Free Markets, Free People

Is ISIS transforming into a “functioning state?”

According to some, that’s exactly what is happening:

While no one is predicting that the Islamic State will become the steward of an accountable, functioning state anytime soon, the group is putting in place the kinds of measures associated with governing: issuing identification cards for residents, promulgating fishing guidelines to preserve stocks, requiring that cars carry tool kits for emergencies. That transition may demand that the West rethink its military-first approach to combating the group.

“I think that there is no question that the way to look at it is as a revolutionary state-building organization,” said Stephen M. Walt, a professor of international affairs at the John F. Kennedy School of Government at Harvard. He is one of a small but growing group of experts who are challenging the conventional wisdom about the Islamic State: that its evil ensures its eventual destruction.

Granted, the tools it uses to establish and maintain control are terror and violence, however that’s not much different than hundreds of totalitarian regimes throughout history. And, at this point, it is in its first generation of “rulers”, which means they’re likely to be the most true to their warped “principles”. So corruption, pre se, isn’t yet a problem (they’re too frightened of their own organization to accept bribes, for instance).

Remember history, say the experts:

Drawing on parallels from history, experts say, the group’s violence can be seen in a different light. Mr. Walt mentioned the guillotine of the French Revolution, and the atrocities of the Bolshevik Revolution in Russia and the Communist one in China — imperfect analogies, to be sure, but ones that underscored the violence and oppression that can precede creation of a revolutionary state.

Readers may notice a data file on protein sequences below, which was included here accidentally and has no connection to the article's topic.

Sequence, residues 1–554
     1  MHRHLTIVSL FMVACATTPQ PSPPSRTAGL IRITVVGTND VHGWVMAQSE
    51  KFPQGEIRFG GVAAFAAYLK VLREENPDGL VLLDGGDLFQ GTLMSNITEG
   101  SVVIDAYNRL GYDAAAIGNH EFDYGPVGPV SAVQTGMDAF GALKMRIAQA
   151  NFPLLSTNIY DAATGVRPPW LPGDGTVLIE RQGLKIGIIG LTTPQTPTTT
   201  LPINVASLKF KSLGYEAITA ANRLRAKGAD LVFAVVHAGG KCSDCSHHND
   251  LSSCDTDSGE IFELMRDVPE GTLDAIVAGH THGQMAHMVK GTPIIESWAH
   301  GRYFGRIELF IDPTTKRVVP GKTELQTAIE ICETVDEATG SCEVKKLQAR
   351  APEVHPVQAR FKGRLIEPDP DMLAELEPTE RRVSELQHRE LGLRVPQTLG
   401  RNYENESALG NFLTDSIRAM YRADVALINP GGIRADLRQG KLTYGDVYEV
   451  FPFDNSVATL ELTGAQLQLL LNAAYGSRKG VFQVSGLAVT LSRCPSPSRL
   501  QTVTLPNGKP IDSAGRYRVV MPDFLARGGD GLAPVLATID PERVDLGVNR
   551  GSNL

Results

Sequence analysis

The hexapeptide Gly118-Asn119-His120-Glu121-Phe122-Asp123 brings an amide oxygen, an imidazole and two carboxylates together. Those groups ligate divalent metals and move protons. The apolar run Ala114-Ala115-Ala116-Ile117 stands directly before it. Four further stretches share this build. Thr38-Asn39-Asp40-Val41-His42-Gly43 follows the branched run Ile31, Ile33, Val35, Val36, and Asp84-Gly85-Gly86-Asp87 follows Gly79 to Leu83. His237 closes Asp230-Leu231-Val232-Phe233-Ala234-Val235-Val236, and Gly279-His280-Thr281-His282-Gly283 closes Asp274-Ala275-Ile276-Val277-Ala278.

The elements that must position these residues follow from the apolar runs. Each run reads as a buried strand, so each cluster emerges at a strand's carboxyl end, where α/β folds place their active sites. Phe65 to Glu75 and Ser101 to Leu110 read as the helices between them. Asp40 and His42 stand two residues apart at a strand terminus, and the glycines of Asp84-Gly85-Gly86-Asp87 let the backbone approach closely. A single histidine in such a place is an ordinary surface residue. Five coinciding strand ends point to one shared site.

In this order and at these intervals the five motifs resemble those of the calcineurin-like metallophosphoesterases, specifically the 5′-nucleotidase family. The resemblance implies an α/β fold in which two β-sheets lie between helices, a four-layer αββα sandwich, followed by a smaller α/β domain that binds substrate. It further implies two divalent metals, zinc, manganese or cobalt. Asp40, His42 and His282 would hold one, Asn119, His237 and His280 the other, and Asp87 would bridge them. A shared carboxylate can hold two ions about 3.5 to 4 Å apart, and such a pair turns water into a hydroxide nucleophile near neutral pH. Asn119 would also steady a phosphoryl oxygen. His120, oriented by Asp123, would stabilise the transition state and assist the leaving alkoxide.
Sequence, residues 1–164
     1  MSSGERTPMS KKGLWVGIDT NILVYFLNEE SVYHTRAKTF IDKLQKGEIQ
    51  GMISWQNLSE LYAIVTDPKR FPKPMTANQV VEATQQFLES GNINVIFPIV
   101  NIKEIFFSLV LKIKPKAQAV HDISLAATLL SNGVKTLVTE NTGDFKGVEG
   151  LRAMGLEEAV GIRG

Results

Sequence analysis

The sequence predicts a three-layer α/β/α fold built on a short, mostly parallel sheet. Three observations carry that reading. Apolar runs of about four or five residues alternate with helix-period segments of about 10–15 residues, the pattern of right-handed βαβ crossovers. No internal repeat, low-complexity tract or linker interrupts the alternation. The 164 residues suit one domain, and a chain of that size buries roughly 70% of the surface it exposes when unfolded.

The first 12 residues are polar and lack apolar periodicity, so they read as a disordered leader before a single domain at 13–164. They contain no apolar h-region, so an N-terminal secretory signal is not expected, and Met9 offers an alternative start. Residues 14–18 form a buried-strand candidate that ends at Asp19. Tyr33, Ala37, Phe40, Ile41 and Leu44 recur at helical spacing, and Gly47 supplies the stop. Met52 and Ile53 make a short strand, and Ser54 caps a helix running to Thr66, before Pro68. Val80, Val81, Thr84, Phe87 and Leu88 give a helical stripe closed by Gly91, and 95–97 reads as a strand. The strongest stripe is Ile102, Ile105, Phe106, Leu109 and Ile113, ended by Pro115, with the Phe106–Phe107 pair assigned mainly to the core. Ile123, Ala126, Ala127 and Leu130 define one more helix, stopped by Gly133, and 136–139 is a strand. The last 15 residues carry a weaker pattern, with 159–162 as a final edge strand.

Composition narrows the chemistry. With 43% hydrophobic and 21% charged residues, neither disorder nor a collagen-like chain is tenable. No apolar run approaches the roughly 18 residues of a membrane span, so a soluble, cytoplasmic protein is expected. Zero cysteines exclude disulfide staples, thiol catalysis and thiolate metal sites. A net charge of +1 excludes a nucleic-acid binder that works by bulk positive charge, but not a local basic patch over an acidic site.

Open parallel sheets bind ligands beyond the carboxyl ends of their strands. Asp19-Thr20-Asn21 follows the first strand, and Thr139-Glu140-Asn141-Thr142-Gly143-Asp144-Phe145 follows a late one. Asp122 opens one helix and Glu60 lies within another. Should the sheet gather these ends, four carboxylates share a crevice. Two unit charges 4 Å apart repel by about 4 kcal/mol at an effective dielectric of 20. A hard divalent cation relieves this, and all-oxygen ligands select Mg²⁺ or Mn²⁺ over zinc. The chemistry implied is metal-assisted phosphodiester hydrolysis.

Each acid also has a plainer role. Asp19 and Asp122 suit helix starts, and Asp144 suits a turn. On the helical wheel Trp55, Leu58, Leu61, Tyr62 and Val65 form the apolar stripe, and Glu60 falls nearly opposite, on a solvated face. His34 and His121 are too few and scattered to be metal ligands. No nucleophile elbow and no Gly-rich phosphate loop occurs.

Then there’s Pol Pot’s Cambodia. It finally failed, but the same formula was applied there.

The problem, of course, is this isn’t the way it had to be. Certainly the left will say “if that evil Bush hadn’t invaded Iraq, it wouldn’t be that way”. Well with people often disappearing into wood chippers in Saddam’s day, Iraq was already that way.

The problem, as we face it now, really comes down to ideology and neglect – squarely placed in this administration’s lap. Gen. Ray Odeirno, outgoing Army Chief of Staff, said as much in an interview:

But Odierno had pointed words on the rise of ISIS in Iraq and Syria – suggesting it didn’t have to be this way.

“It’s frustrating to watch it,” Odierno said. “I go back to the work we did in 2007, 2008, 2009, and 2010 and we got it to a place that was really good. Violence was low, the economy was growing, politics looked like it was heading in the right direction.”

Odierno said the fall of large parts of Iraq was not inevitable, reiterating concerns about the pace of the U.S. troop withdrawal there.

“If we had stayed a little more engaged, I think maybe it might have been prevented,” he said. “I’ve always believed the United States played the role of honest broker between all the groups and when we pulled ourselves out, we lost that role.”

But this administration wasn’t interested in staying longer regardless of the possible negative outcome of pulling troops from Iraq early. It had a campaign promise to fulfill, one of the few it ever has fulfilled. So it made routine SOFA negotiations impossible for Iraq to agree with, then blamed the lack of an agreement on Iraq and pulled our troops out before the job was done – giving ISIS the opportunity to rise.

Odierno made it clear that wasn’t the only problem we’ve let ‘rise’:

“Two years ago, we didn’t think we had a problem in Europe. … [Now] Russia is reasserting themselves. We didn’t think we’d have a problem again in Iraq and ISIS has emerged.

“So, with Russia becoming more of a threat, with ISIS becoming more of a threat, in my mind, we are on a dangerous balancing act right now with capability.”

The answer to these problems?  Cut the end strength of the Army so we’re even less capable.

Can’t you just feel it?

We’re in good hands.

~McQ

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12 Responses to Is ISIS transforming into a “functioning state?”